A Voided check simply means that you cancel the original transaction. When you void a check, the record of the check remains in your QuickBooks Online account, but the dollar amount of the check changes to zero. The check number, payee, date, and memo fields also remain in your records so that you can refer to zero transactions later. So, you closed your books, your taxes were done, but now you realize that the checks you wrote in the closing period should be void and re-issued. What do you do? You are given step-by-step instructions to go down or scroll down to this post to get video instructions on QuickBooks Online and Desktop.
Here’s how you can void a Check-in QuickBooks in a closed period:
- Check-in at the register that is to be voided. Note which accounts are being affected. Usually, this will affect the expense and bank accounts. Make a note within the memo that you have “voided” the check and re-issued the check, noting the current period date and new check number via a journal entry. Do not actually void the check. If the check is used to purchase inventory or pay the 1099 seller, Voiding the check can cause problems.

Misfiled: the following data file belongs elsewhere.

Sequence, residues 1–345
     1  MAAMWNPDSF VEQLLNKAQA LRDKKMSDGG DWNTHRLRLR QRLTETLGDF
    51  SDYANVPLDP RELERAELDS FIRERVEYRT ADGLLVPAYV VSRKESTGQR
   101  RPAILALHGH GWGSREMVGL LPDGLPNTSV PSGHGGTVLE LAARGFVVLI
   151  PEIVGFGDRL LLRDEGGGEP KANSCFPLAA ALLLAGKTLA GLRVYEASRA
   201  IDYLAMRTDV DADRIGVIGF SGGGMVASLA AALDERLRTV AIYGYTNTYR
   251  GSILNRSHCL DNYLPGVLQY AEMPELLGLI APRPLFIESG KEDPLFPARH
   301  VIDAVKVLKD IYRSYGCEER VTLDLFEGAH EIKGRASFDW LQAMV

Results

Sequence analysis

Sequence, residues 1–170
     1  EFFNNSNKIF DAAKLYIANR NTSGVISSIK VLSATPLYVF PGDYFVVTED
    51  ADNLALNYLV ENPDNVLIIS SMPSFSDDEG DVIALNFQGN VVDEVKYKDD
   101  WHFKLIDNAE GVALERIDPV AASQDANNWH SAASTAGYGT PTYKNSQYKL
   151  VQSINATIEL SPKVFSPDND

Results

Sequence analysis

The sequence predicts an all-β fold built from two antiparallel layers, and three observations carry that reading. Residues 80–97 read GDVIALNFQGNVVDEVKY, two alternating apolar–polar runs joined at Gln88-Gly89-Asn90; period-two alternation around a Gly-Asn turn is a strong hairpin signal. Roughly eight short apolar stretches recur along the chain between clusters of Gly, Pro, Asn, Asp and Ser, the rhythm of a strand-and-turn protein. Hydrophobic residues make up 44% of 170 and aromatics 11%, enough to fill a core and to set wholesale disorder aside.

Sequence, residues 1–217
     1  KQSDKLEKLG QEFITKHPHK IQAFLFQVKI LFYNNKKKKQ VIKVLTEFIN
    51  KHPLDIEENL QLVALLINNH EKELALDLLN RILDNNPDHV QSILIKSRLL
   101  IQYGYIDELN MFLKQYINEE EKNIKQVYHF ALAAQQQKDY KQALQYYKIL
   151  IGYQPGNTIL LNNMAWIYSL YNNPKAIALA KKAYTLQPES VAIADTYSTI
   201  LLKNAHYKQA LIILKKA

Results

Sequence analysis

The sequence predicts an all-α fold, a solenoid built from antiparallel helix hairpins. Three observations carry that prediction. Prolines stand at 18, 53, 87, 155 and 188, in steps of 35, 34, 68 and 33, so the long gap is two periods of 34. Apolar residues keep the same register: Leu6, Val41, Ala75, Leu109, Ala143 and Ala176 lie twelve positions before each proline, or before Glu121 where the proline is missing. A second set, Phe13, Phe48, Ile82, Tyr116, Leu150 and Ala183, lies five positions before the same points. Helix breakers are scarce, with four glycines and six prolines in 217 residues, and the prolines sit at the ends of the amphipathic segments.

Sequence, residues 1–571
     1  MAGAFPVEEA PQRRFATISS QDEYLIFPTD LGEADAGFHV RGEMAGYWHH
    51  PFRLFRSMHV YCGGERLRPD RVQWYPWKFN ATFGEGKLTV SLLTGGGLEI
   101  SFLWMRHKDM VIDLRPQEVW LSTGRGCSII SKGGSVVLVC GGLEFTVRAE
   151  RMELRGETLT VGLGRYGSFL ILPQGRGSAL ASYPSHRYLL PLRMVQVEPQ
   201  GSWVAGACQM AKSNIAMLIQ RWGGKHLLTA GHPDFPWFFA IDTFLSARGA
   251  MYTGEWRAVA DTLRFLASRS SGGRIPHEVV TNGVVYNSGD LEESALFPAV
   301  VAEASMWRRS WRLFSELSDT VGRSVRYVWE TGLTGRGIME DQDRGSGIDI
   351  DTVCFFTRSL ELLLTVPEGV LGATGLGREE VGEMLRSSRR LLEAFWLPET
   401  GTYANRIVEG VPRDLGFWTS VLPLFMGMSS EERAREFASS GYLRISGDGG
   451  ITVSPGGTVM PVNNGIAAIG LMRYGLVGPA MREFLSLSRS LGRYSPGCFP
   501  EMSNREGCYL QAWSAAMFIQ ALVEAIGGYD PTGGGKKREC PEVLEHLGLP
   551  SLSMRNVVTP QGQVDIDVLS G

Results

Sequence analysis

- Create a journal entry in the current period, debit to the same bank account, and credit the expense. To create a journal entry on the desktop, create Company> Common Journal Entries. To create a journal entry online, click on the second column> click Journal Entry.
- The journal entry will reverse the activity in the current period. If the check is from a 1099 seller, we recommend using a wash account for journal entry and re-check. Using a wash account will not save more than the amount paid to the 1099 vendor in the current period.
- If you need to reissue the check, write a new check in the same bank and expense account in the same period that you used to reverse the journal entry in step 2, so it washes in the current period. Make a note in the memo that this is a reissued check for the original “voided” check.
- When you reconcile the next time, both a “voided” outstanding check from the closing period and a journal entry reversing the original check-in the current period should be marked as reconciled. The new check issued in the current period will remain outstanding until cleared.
- There is no change in the net effect closing period. Stop asking questions by providing your taxpayers and auditors with a trail of activity that enables you to clearly identify what happened.
To delete a check:
- Open the check-in to the Write check window.
- From the menu, select Edit> Delete Check.
- Click OK in the delete transaction popup. The check is now removed from your records and cannot be recovered.